Politicians would do well to heed the insights of documentary filmmaker Michael Moore. He predicted not only Donald Trump’s win in the 2016 presidential election, but also that Democrats would fare much better than expected in the 2022 midterms.
In an interview with The Guardian before the midterms, Moore addressed the issue of “political fatalism” that the party in power necessarily does poorly in midterm elections. He cited three examples in which political norms were wrong. First was the vote in Kansas this summer to keep abortion legal. Second was the win by a Native American Democrat in a congressional election in Alaska. Third was the defeat of a far-right incumbent for the board of education in Boise, Idaho, by an 18-year old high school senior and political activist.
Republican pollster Frank Luntz distilled what happened when he observed that voters are “tired of crazy” and long for a return to normalcy. Heading into the midterms, his main concern was there could be a dozen statewide races decided by less than 1 percentage point of the vote in which the losing Republican would deny the results. Now, the clear message voters sent to Republicans is to reject the election deniers if they want to regain the White House and Congress.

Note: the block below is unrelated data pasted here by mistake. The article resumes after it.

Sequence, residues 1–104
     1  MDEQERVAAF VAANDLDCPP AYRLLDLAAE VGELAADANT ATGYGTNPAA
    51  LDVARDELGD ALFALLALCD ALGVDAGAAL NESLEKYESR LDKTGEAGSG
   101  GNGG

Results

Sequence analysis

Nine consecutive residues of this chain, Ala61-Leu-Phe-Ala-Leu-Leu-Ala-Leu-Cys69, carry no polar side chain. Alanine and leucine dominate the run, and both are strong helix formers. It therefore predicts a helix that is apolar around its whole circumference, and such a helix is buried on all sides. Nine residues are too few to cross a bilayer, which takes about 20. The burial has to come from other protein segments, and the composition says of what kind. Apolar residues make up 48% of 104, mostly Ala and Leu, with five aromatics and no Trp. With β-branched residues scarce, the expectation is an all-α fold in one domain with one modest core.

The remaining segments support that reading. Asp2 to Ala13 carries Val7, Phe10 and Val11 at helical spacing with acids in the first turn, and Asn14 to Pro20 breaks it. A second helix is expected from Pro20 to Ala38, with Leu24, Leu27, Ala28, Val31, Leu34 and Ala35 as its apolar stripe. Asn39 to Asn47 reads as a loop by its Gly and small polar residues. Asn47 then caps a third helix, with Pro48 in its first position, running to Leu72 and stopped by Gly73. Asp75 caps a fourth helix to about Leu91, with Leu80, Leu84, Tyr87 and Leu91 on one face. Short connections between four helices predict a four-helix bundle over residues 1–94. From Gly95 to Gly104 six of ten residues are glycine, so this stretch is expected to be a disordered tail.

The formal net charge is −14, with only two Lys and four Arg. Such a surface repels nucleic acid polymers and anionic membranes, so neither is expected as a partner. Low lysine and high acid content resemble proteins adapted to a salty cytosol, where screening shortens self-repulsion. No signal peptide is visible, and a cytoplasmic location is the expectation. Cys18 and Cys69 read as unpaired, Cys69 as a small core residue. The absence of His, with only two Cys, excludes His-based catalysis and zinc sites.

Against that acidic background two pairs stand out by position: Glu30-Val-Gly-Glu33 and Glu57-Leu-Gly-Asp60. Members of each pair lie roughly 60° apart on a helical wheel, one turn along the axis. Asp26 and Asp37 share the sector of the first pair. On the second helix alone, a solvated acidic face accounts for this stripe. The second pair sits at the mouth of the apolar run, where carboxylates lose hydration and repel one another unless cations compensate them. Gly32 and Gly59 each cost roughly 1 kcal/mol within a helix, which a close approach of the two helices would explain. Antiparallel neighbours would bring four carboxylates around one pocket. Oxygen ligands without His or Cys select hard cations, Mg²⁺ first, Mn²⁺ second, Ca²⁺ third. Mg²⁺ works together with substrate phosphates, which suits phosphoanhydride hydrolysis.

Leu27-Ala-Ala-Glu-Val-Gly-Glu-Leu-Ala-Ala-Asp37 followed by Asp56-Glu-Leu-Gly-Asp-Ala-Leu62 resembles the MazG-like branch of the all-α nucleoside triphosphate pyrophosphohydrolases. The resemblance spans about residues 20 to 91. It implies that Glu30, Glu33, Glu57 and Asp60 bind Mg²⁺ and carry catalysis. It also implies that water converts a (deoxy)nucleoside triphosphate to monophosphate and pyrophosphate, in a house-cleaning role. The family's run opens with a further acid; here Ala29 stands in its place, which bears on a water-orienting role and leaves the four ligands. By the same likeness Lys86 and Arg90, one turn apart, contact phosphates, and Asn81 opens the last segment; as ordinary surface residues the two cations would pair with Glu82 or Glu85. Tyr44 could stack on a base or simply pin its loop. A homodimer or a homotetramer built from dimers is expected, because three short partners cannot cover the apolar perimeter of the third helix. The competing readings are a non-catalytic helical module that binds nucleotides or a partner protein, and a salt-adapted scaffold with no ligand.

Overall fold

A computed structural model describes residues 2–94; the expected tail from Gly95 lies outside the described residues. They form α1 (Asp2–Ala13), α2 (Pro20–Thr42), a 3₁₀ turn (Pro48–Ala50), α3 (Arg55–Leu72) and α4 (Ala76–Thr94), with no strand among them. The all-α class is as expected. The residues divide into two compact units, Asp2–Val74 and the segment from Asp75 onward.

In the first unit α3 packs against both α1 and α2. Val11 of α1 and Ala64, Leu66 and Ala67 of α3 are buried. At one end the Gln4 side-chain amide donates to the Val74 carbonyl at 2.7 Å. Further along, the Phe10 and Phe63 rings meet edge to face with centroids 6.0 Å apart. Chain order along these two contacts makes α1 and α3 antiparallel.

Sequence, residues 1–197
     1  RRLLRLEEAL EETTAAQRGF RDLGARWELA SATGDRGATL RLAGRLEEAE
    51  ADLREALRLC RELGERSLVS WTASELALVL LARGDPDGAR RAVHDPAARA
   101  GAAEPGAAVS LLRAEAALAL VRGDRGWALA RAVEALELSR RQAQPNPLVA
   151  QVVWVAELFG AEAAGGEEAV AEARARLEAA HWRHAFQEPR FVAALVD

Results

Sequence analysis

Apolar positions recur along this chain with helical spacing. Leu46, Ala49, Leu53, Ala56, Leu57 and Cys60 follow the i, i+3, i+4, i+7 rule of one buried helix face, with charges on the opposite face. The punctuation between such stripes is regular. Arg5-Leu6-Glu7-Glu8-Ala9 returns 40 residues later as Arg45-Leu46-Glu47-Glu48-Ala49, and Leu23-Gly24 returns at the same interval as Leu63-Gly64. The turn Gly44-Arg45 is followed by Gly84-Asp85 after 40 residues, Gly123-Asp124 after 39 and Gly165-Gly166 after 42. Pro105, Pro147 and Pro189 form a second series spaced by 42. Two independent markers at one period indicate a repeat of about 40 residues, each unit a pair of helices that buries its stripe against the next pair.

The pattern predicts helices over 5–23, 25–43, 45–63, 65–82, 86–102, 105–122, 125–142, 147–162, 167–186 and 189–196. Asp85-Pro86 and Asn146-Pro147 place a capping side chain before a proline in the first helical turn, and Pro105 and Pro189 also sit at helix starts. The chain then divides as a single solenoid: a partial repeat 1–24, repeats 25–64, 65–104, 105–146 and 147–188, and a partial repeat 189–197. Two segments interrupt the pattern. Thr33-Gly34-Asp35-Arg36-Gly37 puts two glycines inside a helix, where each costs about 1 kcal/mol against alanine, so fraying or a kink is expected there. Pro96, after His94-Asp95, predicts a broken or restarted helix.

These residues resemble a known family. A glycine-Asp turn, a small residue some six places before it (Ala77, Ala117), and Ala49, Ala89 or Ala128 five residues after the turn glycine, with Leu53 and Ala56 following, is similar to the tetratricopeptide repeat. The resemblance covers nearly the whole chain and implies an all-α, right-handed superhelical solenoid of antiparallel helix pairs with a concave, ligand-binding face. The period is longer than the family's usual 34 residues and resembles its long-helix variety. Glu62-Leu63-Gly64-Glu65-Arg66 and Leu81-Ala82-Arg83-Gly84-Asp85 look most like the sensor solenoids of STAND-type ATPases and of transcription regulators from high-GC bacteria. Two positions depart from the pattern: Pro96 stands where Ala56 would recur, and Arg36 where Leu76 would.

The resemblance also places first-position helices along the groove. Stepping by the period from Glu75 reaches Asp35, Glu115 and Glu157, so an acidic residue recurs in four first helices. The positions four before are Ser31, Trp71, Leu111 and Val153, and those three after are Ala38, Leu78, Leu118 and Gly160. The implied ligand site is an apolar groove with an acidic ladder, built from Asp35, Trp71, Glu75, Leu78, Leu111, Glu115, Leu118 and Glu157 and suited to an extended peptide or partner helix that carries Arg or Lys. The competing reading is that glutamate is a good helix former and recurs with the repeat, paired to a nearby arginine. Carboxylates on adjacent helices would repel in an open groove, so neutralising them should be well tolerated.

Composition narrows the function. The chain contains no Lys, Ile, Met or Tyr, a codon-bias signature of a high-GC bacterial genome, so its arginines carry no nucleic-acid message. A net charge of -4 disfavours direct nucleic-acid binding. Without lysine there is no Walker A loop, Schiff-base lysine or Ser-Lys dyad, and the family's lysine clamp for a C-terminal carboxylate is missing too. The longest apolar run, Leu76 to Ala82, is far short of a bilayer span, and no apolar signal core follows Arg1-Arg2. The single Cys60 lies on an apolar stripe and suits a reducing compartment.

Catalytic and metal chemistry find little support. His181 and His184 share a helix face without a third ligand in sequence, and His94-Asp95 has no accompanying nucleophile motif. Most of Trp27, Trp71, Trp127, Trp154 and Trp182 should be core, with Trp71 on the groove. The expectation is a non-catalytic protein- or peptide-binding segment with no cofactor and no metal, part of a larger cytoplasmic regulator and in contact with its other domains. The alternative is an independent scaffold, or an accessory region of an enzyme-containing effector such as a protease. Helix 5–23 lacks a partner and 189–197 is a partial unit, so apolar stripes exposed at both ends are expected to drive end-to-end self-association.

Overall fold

Message for Democrats: Rein in the Spending, If You Wish to Retain Power
I concur with this assessment but believe there is a message for Democrats, as well. Namely, the big-spending proclivity of the progressive wing needs to be reined in, if they wish to retain power.
A 2019 article by The Economist posed the question: “Is Modern Monetary Theory Nutty or Essential?” It noted that eminent economists, such as Paul Krugman and Larry Summers, dismissed it as “Calvinball” (a game in which players may change the rules on a whim) or a new brand of “voodoo economics.” Yet, the concept was alluring to Democrats when the COVID-19 pandemic hit the following year.
According to economist David Shulman, the Democrats remembered the lessons of 2009, when the $800 billion fiscal package enacted was woefully lacking in dealing with the Global Financial Crisis. However, they failed to recognize that the pandemic was a completely different type of shock: while the economy plummeted when businesses were shuttered, it rebounded quickly when businesses re-opened. Consequently, they wound up fighting the last fiscal war by enacting programs that were four times larger. Together with a highly expansionary monetary policy, the seeds for a resurgence of inflation were sown.
A version of this article was posted to TheHill.com on November 11, 2022.
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